Why I'm a cricket fan
I still remember the day I became a follower of the religion that is cricket. It was the day before my final exams. The World Cup 2011 had started. India was playing its first match. My first exam was moral science, so my father convinced me to stay for at least six overs despite my pleading. I sat down. 10, 20, 30, 40 overs got over. I found I was unable to get out of my chair. That’s it. I was hooked.
I love cricket. A true cricket fan knows the meaning of ‘cricket is in my blood’. You feel like you’re on the field when you’re watching a match. Cricket is a madness. Your team hits a boundary- you jump out of your seat with a howl that can shake a building with the strongest foundations, the opposing team’s wicket falls- pretty much the same reaction. Your team’s wicket falls- you make a mental note to murder the bowler, and if it’s LBW, the umpire too. It’s all part of the fun, isn’t it?
The first full cricket match I saw was the India-Pakistan semi finals. My exams were over, and I was free to sit glued to the TV screen. India had the match. Pakistan needed 80 runs to win and I thought all the good batsmen were gone. That’s when he walked out. Tall and confident, Shahid Afridi lumbered out into the field. India won that match. Then came the finals.
Everybody else lost interest when Sachin Tendulkar got out, but I stayed to watch. That was also when I became the biggest fan of MS Dhoni that ever walked the earth. His 91 not out that day is etched into my memory forever. He could have waited and made singles. The match was already India’s, as was the World Cup. But that’s not MSD’s style. The next series of events took place in slow motion. Dhoni took off his helmet, Kulasekar ran with the ball determined to get Dhoni out and salvage whatever little pride he could for his team. The ball bounced hard and hit the bat which had made a helicopter like movement before receiving it, and sent it into the cheering crowds of the Wankhede stadium, who went berserk. Yuvraj Singh, the batsman who was off strike, ran and flung himself at Dhoni. Dhoni’s expression- oh sorry, there was no expression. Everybody was thrilled. 1.2 billion Indians here, and the ones all over the world stood up and celebrated.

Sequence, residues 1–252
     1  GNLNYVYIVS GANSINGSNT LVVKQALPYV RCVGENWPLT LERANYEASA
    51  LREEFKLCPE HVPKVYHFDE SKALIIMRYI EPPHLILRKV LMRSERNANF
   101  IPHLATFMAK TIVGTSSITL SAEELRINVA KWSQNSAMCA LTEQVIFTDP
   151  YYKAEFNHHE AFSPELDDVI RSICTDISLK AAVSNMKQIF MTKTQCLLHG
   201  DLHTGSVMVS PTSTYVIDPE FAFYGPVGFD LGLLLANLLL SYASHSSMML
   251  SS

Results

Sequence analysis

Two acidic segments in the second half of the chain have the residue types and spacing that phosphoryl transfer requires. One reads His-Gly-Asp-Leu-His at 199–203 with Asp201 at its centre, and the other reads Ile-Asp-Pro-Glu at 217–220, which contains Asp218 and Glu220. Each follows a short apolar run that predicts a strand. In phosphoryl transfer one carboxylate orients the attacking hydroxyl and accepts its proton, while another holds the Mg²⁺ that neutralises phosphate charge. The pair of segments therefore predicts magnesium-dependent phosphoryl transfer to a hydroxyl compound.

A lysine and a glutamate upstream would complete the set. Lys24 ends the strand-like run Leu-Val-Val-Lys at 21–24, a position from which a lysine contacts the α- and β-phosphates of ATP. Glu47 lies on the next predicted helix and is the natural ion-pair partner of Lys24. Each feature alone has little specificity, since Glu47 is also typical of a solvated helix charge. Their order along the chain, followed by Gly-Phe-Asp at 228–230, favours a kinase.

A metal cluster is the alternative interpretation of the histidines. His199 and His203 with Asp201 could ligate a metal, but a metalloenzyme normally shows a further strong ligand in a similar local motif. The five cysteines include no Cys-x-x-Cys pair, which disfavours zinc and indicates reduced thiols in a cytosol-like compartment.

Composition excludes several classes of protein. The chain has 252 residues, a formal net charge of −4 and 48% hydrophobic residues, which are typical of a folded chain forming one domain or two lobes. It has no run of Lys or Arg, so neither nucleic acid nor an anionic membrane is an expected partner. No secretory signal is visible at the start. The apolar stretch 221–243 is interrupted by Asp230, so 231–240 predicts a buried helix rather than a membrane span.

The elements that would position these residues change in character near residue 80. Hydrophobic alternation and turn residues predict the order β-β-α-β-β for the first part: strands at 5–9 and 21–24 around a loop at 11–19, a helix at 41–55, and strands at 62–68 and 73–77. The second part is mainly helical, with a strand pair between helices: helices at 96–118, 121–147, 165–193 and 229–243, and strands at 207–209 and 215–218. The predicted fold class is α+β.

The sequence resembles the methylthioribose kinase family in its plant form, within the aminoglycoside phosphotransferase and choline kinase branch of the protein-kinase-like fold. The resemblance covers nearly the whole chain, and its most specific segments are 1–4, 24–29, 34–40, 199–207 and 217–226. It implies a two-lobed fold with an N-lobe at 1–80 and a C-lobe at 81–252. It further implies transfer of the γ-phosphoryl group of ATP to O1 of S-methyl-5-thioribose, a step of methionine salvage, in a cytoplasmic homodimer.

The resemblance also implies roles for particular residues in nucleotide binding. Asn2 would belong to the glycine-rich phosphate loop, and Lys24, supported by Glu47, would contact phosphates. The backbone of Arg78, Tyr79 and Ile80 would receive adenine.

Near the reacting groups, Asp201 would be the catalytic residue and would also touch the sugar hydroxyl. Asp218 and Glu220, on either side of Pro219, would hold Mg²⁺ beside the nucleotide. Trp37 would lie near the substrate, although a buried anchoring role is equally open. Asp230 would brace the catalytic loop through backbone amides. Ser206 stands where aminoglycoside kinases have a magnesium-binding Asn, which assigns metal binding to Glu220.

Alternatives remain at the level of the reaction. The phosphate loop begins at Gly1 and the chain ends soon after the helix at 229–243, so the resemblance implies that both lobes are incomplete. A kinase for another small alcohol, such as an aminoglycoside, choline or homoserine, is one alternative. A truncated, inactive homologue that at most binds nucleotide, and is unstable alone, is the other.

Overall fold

India had won the World Cup after 29 years.
If you ask somebody why they like golf or football, they would give you hundreds of reasons. But if you ask somebody why they like cricket, there will be very few who can provide you a valid reason. That’s probably the beauty of it. In cricket, I determine where and how the my ball goes. I determine if it goes to the boundary or if I’m just defending this one. Not my bat, me. The fact that I learned the game by watching it on TV and playing the game on my own also gives me a confidence. I’m a free spirited person and do things the way I feel is right, not paying heed to anybody.
Tomorrow if I was batting, and my idol MS Dhoni came up to me and told me I was doing it wrong and shows me how to do it better, I would tell him to go find some better work to do. I like doing things my own way, and refuse to listen to anybody else. In cricket, I can hold the bat the way I like, stand the way I want to and do whatever I want to do when the ball is bouncing towards me. So, cricket is my type of game. My style of batting is truly my own, and nobody else’s. If you see the way some of the greatest batsmen play, you will notice a uniqueness in everything, from the way they hold the bat to the way the play. That’s what makes them great. If you asked me why I loved cricket, I would say it’s because of the freedom the game offers. And then I would probably ponder over the question for hours on end and end up never getting any other answer. That’s probably why I like cricket.